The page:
National Geographic photographer tells story of Ancient Marks through images

Chris Rainier, world-traveling photographer for National Geographic, explored diverse cultures with only his camera, passion and a translator.

On Sunday, Sept. 22, Rainier presented “Cultures on the Edge: The Race Against Time to Help Empower Traditional Cultures,” as part of the McClung Museum’s 50th anniversary lecture series. His mission, he says, is to “put tribal and indigenous cultures on film.”

He wanted to use images to create social change by capturing the remaining natural wilderness and indigenous cultures from around the globe.

His global journey was shown through photographs to a captivated audience. The presentation was displayed movie reel-style as he the narrated about his experiences. One by one, country by country, Rainier introduced the audience to the mystery of the living beyond “where the green meets the blue” as he dug deeper into cultures not widely known.

Rainier documented his 30 year journey in his book “Ancient Marks,” which showcased markings of various tribes. The marks represent culture, individuality, family tradition and heritage. Black and white photos changed to color as the stories of those less broadcast are introduced on a larger scale. The book’s purpose is to shed a new light on unique cultures and to “peel away cliches while also getting rid of stereotypes of culture,” Rainier said.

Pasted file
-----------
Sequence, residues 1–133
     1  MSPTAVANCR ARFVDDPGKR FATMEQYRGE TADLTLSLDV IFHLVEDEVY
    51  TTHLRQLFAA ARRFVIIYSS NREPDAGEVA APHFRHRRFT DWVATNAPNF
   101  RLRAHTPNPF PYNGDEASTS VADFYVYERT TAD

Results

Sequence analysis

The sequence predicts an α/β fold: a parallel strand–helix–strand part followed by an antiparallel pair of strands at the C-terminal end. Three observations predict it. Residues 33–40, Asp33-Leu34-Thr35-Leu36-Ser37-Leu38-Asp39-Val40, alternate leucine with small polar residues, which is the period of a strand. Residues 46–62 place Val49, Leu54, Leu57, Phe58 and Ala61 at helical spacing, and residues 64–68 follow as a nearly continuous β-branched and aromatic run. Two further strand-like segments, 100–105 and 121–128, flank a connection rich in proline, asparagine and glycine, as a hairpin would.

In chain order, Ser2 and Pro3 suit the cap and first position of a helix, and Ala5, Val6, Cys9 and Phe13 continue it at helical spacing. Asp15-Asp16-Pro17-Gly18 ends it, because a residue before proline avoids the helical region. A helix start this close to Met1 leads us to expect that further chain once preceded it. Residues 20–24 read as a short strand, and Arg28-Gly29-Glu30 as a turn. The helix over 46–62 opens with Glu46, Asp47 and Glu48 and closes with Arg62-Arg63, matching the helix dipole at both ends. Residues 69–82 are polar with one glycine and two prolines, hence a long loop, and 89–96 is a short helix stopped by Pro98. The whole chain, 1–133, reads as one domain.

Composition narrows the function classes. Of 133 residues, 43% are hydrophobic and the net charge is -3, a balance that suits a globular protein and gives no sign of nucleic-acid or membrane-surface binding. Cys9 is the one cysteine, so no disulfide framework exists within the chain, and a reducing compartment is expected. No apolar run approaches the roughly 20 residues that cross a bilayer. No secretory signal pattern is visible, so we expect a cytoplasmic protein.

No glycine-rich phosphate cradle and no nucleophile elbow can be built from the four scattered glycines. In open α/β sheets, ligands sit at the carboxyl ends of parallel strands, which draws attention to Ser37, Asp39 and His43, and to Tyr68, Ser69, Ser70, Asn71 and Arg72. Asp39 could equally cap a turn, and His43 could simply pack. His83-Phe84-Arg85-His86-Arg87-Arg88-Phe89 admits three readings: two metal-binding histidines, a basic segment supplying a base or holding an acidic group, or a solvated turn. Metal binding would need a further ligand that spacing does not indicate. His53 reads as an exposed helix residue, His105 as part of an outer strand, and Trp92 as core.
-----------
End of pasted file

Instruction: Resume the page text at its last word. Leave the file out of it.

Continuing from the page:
In his early career, he learned to use photography as a social tool from his mentor and noted photographer Ansel Adams. Rainier decided to dedicate his career to using photos as a tool for change, documentation and empowerment for indigenous cultures.

He proudly promotes himself as a visual storyteller and agrees that others should have the same opportunity to tell their own story. “What would it be like if the people I am photographing had a camera themselves? “What if they were able to communicate this with countries beyond them?” are questions Rainier asked himself before starting the Last Mile Project, a program aimed to provide international children with cameras and basic photography skills. The project’s goal is to help kids capture and preserve their own culture through photos. The project has a YouTube page called Disappearing Language.

He ended his speech with a quote from his 1993 book, Keepers of the Spirit.

“If we would be citizens of the world, then we must do all we can to ensure the survival of that world.”

National Geographic Expeditions features many works by Rainier and other notable photographers.

The McClung Museum will host their next anniversary lecture on Tuesday, Oct. 15.

Edited by Nichole Stevens